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Environ Health Perspect. 2005 Nov; 113(11): A729–A730.
PMCID: PMC1310938

The NAS Perchlorate Review: Is the RfD Acceptable?

Risk assessors should always carefully evaluate whether a given reference dose (RfD) is the most appropriate choice for assessing risk. In the case of perchlorate, Ginsberg and Rice (2005) suggested that the RfD proposed by the National Research Council (NRC) is inappropriate because the NRC did not thoroughly evaluate the underlying science. However, we suggest that the NRC RfD is inappropriate because of the NRC’s “unconventional” approach.

In contrast to Ginsberg and Rice (2005), we applaud the insightful and conclusive discussion of the science of perchlorate and the thyroid by the NRC (2005). The NRC concluded that human studies are the most relevant for risk assessment, and that the thyroid has a remarkable ability to compensate for iodine deficiency, so that hypothyroidism would be the first observed adverse effect. By definition, this is perchlorate’s critical effect (Faustman and Omenn 2001), although U.S. Environmental Protection Agency (EPA) methods allow for the use of a known and immediate precursor (the choice of immediate precursor is based on practice of using the highest no observed adverse effect level (NOAEL) of the critical effect and is codified in several places (e.g., Barnes and Dourson 1988, p. 473). The NRC also concluded that in healthy adults the perchlorate dose required to cause hypothyroidism would be > 0.4 mg/kg-day.

In risk assessment parlance, this dose would be a NOAEL of the critical effect. The practice of risk assessment allows us to draw conclusions about public health in the absence of observable data and in the presence of scientific uncertainty. The traditional practice of developing RfD, a dose–response part of risk assessment (Barnes and Dourson 1988), would suggest two possible approaches to developing an RfD from the perchlorate data. The first would be to use the NOAEL of the critical effect from an adult population and apply uncertainty factors to account for sensitive populations and for lack of precision in defining a NOAEL. The second approach would be to use the NOAEL of an immediate precursor effect in a sensitive population and apply appropriate uncertainty factors.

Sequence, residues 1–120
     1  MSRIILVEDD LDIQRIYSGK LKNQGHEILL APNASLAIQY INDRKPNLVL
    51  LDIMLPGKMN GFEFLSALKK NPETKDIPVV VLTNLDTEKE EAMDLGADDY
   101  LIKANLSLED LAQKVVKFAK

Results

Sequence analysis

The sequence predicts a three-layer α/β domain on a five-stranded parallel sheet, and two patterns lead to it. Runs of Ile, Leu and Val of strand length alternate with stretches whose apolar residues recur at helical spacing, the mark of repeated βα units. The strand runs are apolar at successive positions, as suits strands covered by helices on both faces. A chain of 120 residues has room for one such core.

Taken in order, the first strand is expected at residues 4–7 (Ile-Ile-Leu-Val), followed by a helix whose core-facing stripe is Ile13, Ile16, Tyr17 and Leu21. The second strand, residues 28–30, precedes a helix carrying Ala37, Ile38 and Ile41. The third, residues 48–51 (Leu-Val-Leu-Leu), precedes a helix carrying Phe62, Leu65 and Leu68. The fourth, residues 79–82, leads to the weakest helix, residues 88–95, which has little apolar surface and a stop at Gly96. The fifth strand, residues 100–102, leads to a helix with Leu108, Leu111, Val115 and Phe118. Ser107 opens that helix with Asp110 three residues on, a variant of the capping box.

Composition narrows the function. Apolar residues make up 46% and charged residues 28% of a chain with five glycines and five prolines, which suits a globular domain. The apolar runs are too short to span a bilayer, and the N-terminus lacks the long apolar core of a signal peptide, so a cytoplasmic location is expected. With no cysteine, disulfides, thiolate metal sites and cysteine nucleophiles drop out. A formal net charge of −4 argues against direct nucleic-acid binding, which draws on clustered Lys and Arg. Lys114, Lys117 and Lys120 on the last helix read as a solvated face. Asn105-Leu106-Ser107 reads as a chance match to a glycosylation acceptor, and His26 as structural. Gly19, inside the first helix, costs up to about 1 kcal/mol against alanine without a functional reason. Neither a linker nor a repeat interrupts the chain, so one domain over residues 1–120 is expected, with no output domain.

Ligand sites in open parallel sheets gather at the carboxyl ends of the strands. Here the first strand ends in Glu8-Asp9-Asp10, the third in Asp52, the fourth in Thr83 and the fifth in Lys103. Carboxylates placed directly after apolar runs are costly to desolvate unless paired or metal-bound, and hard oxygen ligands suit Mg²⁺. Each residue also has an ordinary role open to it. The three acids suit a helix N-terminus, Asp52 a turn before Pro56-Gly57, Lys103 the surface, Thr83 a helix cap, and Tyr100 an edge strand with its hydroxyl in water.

Using the first approach with the NRC NOAEL, the RfD would lie in the range of 0.04–0.004 mg/kg-day depending on the choice of uncertainty factor. Using the second approach, a NOAEL of 0.005 mg/kg-day (Gibbs et al. 2004) can be identified from thyroid hormone and goiter data in a sensitive population. The RfD based on this approach would lie near the value of 0.002 mg/kg-day proposed by Strawson et al. (2004).

In contrast, the approach the NRC actually used was a nonstandard approach for developing an RfD based on the inhibition of iodine uptake, a distant precursor to the critical effect. This nonstandard approach yields a safe dose, but it is not an RfD, by definition, because, according to the NRC’s own scheme, it is not based on the critical effect or its known and immediate precursor.

We continue to advocate that the best risk assessment approach for perchlorate is to use data collected from sensitive populations such as children and, in particular, the published and ongoing work in Chile. This is consistent with the NRC’s conclusion that the data from Chile could be considered in the evaluation of the U.S. experience with perchlorate in drinking water (NRC 2005). Specifically, the Chilean experience (Crump et al. 2000; Tellez et al. 2005) can be used to help frame the public debate in the United States, which suggests perchlorate water standards as low as 1 ppb. In Chile, perchlorate water concentrations of 100–120 ppb do not result in an exposure that would inhibit iodine uptake inhibition in adults. In fact, these concentrations have not caused any adverse effects in pregnant women, neonates, or older children exposed chronically. Following traditional RfD methods and using data from a sensitive human population results in an RfD that can be used with high confidence in the United States.


  • Barnes DG, Dourson ML. Reference dose (RfD): description and use in health risk assessments. Regul Toxicol Pharmacol. 1988;8:471–486. [PubMed]
  • Crump C, Michaud P, Tellez R, Reyes C, Gonzalez G, Montgomery EL, et al. nction in newborns or school-age children? J Occup Environ Med. 42:603–612. [PubMed]
  • Faustman EM, Omenn GS. 2001. Risk Assessment. In: Casarett and Doull’s Toxicology: The Basic Science of Poisons (Klaassen CD, ed.). 6th ed. New York:McGraw-Hill, 92.
  • Gibbs JP, Narayanan L, Mattie DR. Crump et al. study among school children in Chile: subsequent urine and serum perchlorate levels are consistent with perchlorate in water in Taltal. J Occup Environ Med. 2004;46(6):516–517. [PubMed]
  • Ginsberg G, Rice D. The NAS perchlorate review: questions remain about the perchlorate RfD. Environ Health Perspect Environ Health Perspect. 2005;113:1117–1119. doi: 10.1289/ehp.8254. [PMC free article] [PubMed] [Cross Ref]
  • NRC (National Research Council) 2005. Health Implications of Perchlorate Ingestion. Washington, DC:National Academies Press.
  • Strawson J, Zhao Q, Dourson M. Reference dose for perchlorate based on thyroid hormone change in pregnant women as the critical effect. Regul Toxicol Pharmacol. 2004;39:44–65. [PubMed]
  • Tellez RT, Michaud P, Reyes C, Blount BC, Van Landingham CB, Crump KS, et al. Long-term environmental exposure to perchlorate through drinking water and thyroid function during pregnancy and the neonatal period. Thyroid. 2005;15(9):963–975. [PubMed]

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